1921 was a pivotal year because Park Hughes was transformed from an open soccer field to an enclosed one, which enabled paid attendance which was not possible before. The impetus to create an enclosed field on that site can be attributed to a Scottish soccer club known as the Scottish Professional Team which was touring Canada in 1921.  Local teams would play the Scottish team in soccer and the game in Regina was scheduled for June 6 of that year. The only problem was there was no enclosed soccer field with bleachers in Regina yet.

The Regina Amateur Football League which was a soccer league under the leadership of Price Hughes approached Regina City Council in March of 1921 to ask to lease Block 255 (Park Hughes) to the league for five years.  The proposal was to enclose the field and put up bleachers in time for the Scottish team tour in June so that the gate revenues would help make the event a financial success.  As this soccer game was considered “the biggest event in the history of Regina football” City Council approved the lease and Park Hughes got an eight foot wooden fence which enclosed the field with bleachers added soon thereafter in time for the Scottish soccer game. Park Hughes was now an enclosed facility capable of having paid attendance.

With these modifications done at Park Hughes, the Regina Rugby Club decided to start playing their home games there in the fall of 1921. However, it was a rainy fall, and due to the muddy conditions at Park Hughes, all but one game were played at the RCMP barracks which provided more favourable field conditions as it had a grass field. The only game played at Park Hughes that year was on October 15. Regina beat Moose Jaw 31-4 on what can be considered the very first game the team played on the present day site of Mosaic Stadium. Admission prices had risen to 50 cents.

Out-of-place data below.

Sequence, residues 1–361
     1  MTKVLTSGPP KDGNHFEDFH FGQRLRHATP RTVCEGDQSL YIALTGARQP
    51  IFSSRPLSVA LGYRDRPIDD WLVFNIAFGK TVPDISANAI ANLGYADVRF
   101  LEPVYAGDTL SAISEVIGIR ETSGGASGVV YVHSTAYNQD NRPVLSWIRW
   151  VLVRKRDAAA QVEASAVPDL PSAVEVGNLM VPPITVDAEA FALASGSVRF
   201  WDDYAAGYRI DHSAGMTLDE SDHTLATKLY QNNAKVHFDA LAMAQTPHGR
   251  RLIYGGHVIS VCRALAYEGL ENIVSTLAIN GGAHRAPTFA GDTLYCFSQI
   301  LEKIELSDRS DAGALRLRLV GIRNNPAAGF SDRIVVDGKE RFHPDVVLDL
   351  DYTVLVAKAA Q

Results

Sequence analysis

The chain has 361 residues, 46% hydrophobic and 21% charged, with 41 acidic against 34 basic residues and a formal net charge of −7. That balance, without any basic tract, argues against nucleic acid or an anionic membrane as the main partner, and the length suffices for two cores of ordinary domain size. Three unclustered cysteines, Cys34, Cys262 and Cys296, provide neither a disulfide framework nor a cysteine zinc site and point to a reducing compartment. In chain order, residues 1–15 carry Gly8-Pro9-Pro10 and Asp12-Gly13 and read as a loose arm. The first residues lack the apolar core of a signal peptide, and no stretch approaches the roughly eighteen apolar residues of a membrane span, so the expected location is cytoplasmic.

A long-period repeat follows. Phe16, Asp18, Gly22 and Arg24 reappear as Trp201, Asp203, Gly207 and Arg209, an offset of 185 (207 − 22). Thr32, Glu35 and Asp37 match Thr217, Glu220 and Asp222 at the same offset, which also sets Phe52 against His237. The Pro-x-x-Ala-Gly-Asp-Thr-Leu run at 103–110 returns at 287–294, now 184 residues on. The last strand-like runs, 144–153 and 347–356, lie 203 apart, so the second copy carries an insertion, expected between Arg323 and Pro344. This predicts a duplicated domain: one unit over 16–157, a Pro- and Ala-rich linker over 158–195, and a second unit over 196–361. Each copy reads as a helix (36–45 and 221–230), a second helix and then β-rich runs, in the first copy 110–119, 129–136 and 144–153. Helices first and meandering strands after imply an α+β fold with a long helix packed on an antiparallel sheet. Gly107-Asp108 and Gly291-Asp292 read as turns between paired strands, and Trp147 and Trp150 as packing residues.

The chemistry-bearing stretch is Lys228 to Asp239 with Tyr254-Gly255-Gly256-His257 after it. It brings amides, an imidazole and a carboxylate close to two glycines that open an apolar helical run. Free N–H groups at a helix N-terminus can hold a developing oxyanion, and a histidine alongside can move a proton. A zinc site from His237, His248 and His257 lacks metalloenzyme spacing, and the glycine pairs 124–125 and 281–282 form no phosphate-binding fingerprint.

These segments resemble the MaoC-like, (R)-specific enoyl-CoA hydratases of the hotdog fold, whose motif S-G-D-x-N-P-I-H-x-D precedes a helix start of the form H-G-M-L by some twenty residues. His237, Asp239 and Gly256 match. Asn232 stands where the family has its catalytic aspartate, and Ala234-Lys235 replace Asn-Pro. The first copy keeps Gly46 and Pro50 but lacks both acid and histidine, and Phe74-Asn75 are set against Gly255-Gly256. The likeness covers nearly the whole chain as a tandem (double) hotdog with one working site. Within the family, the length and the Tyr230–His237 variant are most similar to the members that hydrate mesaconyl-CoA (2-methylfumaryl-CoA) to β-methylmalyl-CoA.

Despite the changes made at Park Hughes, it was not ideal and spectator space was at a premium.  The field had to be fitted into the area of one city block which ran north to south.  Next to the field, there was only twelve feet available for bleachers, five rows high.  Also, it was very prone to wet and muddy conditions that sometimes made it unplayable. The dirt field made for dusty games in the Saskatchewan wind or very muddy conditions when it rained. There was also no barrier separating the fans from the field. Scuffles amongst the players would often bring enthusiastic fans running onto the field to join the action.